Years ago, you could look at this country, and could say that one of the things that really made this country great was it’s people, but what made us, our people, so great. A number of things, but perhaps the one thing that really set us apart, was our willingness to try. We were a people who made an attempt to live extraordinary lives, and to do extraordinary things. We were not afraid to make an attempt, and we were not afraid to fail. When I look around me now, I see a lot of people who have the appearance of trying, of making an attempt, to do something, but upon closer examination I see that in many the attempt is half-hearted at best, and at its worst, nothing more than a staged ploy to appear to be what they truly have no intention of being.
At one time, our people were heroic, not only our soldiers and first responders, but everyday people. You don’t agree with this statement? Ralph Waldo Emerson said that a hero is no braver than an ordinary man, but he is braver five minutes longer. As a people we used to symbolize that mentality in that we were willing to go a little further, work a little harder, do a little more than what was required. The farmer, the steel-worker, the truck driver, the housewife, the factory-worker, people everywhere showed what true heroism is all about in that they were willing to do what all hero’s do. They faced life with all its hardships and heartaches resolute and stalwart. It wasn’t that they hadn’t known defeat, but in the face of it were undaunted. They dug in, bent their back, and pushed back even harder against the waves of adversity and misfortune that threatened to overwhelm them. These people, these everyday hero’s, were unafraid to try, and who never failed to make an attempt to do and to overcome any duty or obstacle that came their way.
I’ve often wondered what’s the difference between those great people of yesteryear, and the people of today. Was it the times they lived in that called them to be heroic, to be courageous? Were the times they lived in so much worse than the times in which we live now? I don’t believe that environment, circumstances, events, are the only things that give rise to heroism, but rather that heroism is a product of belief, faith, and trust. To be a hero is to be someone who does what needs to be done no matter the cost; to be someone who is willing to sacrifice oneself for something far bigger than themselves..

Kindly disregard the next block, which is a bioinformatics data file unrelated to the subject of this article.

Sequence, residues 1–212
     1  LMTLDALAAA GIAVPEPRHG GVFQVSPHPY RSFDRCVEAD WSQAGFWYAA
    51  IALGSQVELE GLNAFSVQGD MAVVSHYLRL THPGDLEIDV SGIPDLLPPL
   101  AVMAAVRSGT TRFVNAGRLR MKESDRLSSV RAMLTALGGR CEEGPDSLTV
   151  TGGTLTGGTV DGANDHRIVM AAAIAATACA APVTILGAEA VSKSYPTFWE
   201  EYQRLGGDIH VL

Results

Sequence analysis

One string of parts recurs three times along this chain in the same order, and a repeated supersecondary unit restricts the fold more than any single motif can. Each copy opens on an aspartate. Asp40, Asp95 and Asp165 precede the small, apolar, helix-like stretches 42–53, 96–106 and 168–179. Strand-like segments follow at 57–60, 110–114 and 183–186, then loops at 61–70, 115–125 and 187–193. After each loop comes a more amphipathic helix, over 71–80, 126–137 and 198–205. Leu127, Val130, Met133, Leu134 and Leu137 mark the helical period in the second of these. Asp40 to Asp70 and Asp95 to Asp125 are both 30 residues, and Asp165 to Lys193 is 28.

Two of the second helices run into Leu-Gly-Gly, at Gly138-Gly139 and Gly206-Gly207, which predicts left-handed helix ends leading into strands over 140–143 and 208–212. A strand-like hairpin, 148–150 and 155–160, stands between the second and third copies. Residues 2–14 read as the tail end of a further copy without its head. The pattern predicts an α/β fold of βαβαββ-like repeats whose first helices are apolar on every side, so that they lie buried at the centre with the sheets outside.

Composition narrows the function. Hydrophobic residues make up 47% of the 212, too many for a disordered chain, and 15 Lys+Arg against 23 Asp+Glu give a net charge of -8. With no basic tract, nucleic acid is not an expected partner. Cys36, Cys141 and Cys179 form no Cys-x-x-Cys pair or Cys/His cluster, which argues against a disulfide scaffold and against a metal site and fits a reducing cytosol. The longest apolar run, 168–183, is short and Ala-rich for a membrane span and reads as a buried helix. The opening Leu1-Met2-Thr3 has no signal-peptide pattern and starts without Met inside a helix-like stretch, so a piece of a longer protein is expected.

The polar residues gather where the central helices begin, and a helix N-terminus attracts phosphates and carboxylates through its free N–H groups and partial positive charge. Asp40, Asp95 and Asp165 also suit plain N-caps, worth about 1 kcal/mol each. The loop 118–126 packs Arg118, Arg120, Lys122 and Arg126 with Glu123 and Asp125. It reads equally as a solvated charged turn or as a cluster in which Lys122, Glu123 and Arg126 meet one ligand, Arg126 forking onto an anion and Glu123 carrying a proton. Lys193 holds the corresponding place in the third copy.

Throughout history, heroic people, have always been the standard-bearers of courage, honesty, and truth. As a culture, as a people, we have always believed right or wrongly that our hero’s hold all the best traits of character, and in truth they do. For most of our history, our country has consisted of a quietly heroic majority who have gone about the business of upholding the finest and best that our country has to offer.
What has happened to our people? How did we devolve from being a people of quiet heroism, and inner strength, willing to try, to attempt the impossible, to becoming a people who think that the federal government should take care of them, and that the rich should share with them? When did heroism become a display of depravity, debauchery, and disgrace rather than a courageous, valiant, and united stand against evil?
I said earlier that heroism is a product of belief, faith, and trust. Heroism has its roots in the ground of truth, and no person, and no people, can be heroic who don’t have an understanding, an awareness, and a commitment to truth, and their in, I believe, lies the difference between the heroic and the destitute within our nation, and even within our world.
I close with this last thought. I believe that Jesus Christ was and is, and will forever be the embodiment of truth and therefore heroism, and christians, in my opinion, should be some of the most heroic people on earth. I know that not everyone will agree with me, and that’s okay, but just consider for a moment that I might be right.
Here’s some food for further thought:
It is not the critic who counts: not the man who points out how the strong man stumbles or where the doer of deeds could have done them better. The credit belongs to the man who is actually in the arena; whose face is marred by dust and sweat and blood; who strives valiantly; who errs, and comes short again and again, because there is no effort without error and shortcoming; who does actually try to do the deed; who knows the great enthusiasm, the great devotion and spends himself in a worthy cause; who, at the worst, if he fails, at least fails while daring greatly. Far better it is to dare mighty things, to win glorious triumphs even though checkered by failure, than to rank with those poor spirits who neither enjoy nor suffer much because they live in the gray twilight that knows neither victory nor defeat.
Theodore Roosevelt, speech before the Hamilton Club, Chicago (April 10, 1899), in Swindoll, Hand Me Another Brick, p. 79.